Photosensitive Bristlebot – STEM Edition

Bristlebot is a great easy way for kids to start to learn basic electronics.

Bristlebot is perhaps the simplest form of a walking robot with a rigid bristle toothbrush body. It seems simple, a Bristlebot is made out of the end of a toothbrush with an attached low-mass vibration motor and a battery to power it.


Most everything you need to build it can be bought from the local electronics store, or you probably have it in your junk box right now.

Now what? Be creative and try something different. So, get ready to make a Photosensitive Bristlebot without taking pains, watch your own model e-bug come to life, and enjoy!

Key Parts

  • 5mm LDR x1
  • 10mm Coin Vibration Motor x1
  • S8550 PNP BJT x1
  • 470Ω ¼ W Resistor x1 (see notes)
  • CR2032 Coin Cell & Holder x1
  • Toothbrush Head (hard bristle preferred) x1

Wiring Diagram

Below is the minimalistic wiring diagram of the Photosensitive Bristlebot. Note that the coin vibration motor (also known as pancake vibration motor) has polarity, usually the red wire is the positive lead.

Bristlebot Schematic

Below is a random snap of my breadboard mock up (all parts taken from the junk box) prepared to test this little concept.

Bristlebot Breadboard

Making Hints

This Photosensitive Bristlebot is an easy-to-construct little robot where the motion is caused by the transfer of kinetic energy from the vibration motor through the body of the robot to the ground. Then the rapid motion of the bristles enables the robot locomotion.

I will not get into step-by-step construction details here. If you look around online you can find lots like this

However, let me draw your attention to a few significant things to keep in mind during construction.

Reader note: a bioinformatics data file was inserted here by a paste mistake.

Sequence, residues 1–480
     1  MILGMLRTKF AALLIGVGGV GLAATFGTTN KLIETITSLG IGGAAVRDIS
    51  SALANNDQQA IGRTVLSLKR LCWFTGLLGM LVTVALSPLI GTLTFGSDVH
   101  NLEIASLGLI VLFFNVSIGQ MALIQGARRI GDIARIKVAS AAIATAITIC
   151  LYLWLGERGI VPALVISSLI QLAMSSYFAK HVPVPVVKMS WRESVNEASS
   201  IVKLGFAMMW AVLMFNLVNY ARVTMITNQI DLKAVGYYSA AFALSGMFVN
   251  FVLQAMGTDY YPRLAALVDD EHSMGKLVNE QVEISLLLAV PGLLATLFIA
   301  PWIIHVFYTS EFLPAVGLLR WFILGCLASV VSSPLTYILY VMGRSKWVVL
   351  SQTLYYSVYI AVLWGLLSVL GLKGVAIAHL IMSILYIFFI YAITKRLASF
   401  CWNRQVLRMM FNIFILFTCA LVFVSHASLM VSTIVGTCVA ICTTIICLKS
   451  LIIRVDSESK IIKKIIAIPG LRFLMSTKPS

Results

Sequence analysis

First off recall that our Bristlebot is photosensitive so it wakes up and jiggles only when ample light falls on its eye (the photoresistor). The given circuit configuration works well in most situations but you can increase or decrease the light detection sensitivity by changing the value of the 470Ω resistor. You can also put a 15x7mm black heat shrinkable tube on the photoresistor (5mm LDR).

Next, it is highly recommended to use a toothbrush that has at least some slanted bristles so that the engine moves better in one direction. In this project, there is no real right or wrong toothbrush, vibration motor, or battery to choose from – buy and try an assortment of them to pick the right one (but remember that keeping it lightweight is crucial).

Finally, decorate your bot to give it a personality (yes, give it some unique style). Sorry I do not have a fancy prototype to show you it in action yet!

Bristle Bot Breadboard

Closing Words

Oh, now I think a little over-engineering would enhance the overall experience. So, see also some betterment ideas below.

  • Build it with a 3D printed body
  • A solar power source can be added
  • A clap or whistle sensor can be added
  • A radio/infrared remote control can be added
  • A supercapacitor can be used instead of the coin battery

I leave the rest to you.

Bristlebot makes robotics education accessible and affordable. It is an easy way where little STEM kids can leap into to the amazing world of robotics. So, take some time to ignite their interest with this fun project. Be creative with electronics. Have Fun!

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